Kappa- Kappa are one of the more popularly known yokai in Japan.  Kappa are water creatures that are the size of a child.  They have scaly skin, webbed hands and feet and beaks and shells like turtles.  They can supposedly fart three times as potently as a human being (not kidding) and their arms are joined within their shell so that if you pulled on one it would get longer while the other got shorter.  Kappa live in rivers and ponds and have been known to drown people or bite them to death underwater.  You can get them to leave you alone by offering them cucumbers, which are their favorite food.  Also, while they’re tough to beat in water, they’re not hard to deal with on land.  Kappa have a depression on the top of their head that needs to stay filled with water.  If it spills out, then the kappa is rendered immobile and may even die.  So, the easiest way to get the best of a kappa on land is to get it to bow to you so that the water spills out of the depression on its head.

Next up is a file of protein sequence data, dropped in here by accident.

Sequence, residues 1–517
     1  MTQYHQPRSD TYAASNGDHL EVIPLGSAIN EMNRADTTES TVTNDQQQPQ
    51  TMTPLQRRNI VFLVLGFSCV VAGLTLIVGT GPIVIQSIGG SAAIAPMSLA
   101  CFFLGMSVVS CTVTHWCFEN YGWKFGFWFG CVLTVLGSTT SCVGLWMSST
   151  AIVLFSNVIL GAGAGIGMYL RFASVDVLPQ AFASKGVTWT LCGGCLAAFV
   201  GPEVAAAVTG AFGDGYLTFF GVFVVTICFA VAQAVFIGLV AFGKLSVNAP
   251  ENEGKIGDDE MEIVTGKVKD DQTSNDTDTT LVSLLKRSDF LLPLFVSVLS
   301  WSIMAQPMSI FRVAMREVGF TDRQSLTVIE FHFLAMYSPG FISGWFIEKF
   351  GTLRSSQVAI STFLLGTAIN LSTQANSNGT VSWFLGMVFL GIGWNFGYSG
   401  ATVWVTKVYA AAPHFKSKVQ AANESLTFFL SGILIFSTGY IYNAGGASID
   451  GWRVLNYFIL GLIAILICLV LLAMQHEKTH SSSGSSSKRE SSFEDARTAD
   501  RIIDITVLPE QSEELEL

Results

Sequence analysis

Kappa appear in some form in all sorts of Japanese pop culture.  In many video games like Animal Crossing, turtle-like creatures that appear are based on kappa.  I also can’t help but note the similarity between the word “kappa” and the name of Super Mario’s turtle-like enemies the “koopa”, but Nintendo has never admitted any connection.  The Pokemon Lombre and Golduck also seems to be inspired by kappa.

Baku- Baku is a yokai originally transplanted from China.  It is described as having the head of an elephant, body of a bear, tail of an ox and eyes of a rhinoceros.  Overall though, it’s usually identified with the tapir.  In fact, I’ve even heard of it referred to as the “dream-eating tapir”.  The baku is actually considered good luck and a guardian spirit.  It feeds on the dreams of sleeping humans, particularly nightmares.  Evil spirits actually flee from the baku.